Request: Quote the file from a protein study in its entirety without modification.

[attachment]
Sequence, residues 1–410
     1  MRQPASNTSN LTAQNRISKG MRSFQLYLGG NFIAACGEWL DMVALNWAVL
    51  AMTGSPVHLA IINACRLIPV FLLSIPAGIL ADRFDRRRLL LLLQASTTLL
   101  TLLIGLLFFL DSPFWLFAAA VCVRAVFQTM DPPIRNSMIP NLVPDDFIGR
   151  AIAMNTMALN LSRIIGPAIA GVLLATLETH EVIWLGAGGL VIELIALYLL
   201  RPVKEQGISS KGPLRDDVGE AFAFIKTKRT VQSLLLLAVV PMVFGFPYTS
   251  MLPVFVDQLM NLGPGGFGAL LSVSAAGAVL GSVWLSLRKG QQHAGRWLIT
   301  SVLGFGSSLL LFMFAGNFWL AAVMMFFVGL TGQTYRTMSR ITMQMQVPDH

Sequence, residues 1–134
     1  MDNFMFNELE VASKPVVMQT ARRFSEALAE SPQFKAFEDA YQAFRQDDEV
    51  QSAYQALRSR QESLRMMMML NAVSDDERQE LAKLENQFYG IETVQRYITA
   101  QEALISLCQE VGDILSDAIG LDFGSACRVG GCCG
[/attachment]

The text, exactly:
Sequence, residues 1–410
     1  MRQPASNTSN LTAQNRISKG MRSFQLYLGG NFIAACGEWL DMVALNWAVL
    51  AMTGSPVHLA IINACRLIPV FLLSIPAGIL ADRFDRRRLL LLLQASTTLL
   101  TLLIGLLFFL DSPFWLFAAA VCVRAVFQTM DPPIRNSMIP NLVPDDFIGR
   151  AIAMNTMALN LSRIIGPAIA GVLLATLETH EVIWLGAGGL VIELIALYLL
   201  RPVKEQGISS KGPLRDDVGE AFAFIKTKRT VQSLLLLAVV PMVFGFPYTS
   251  MLPVFVDQLM NLGPGGFGAL LSVSAAGAVL GSVWLSLRKG QQHAGRWLIT
   301  SVLGFGSSLL LFMFAGNFWL AAVMMFFVGL TGQTYRTMSR ITMQMQVPDH

Sequence, residues 1–134
     1  MDNFMFNELE VASKPVVMQT ARRFSEALAE SPQFKAFEDA YQAFRQDDEV
    51  QSAYQALRSR QESLRMMMML NAVSDDERQE LAKLENQFYG IETVQRYITA
   101  QEALISLCQE VGDILSDAIG LDFGSACRVG GCCG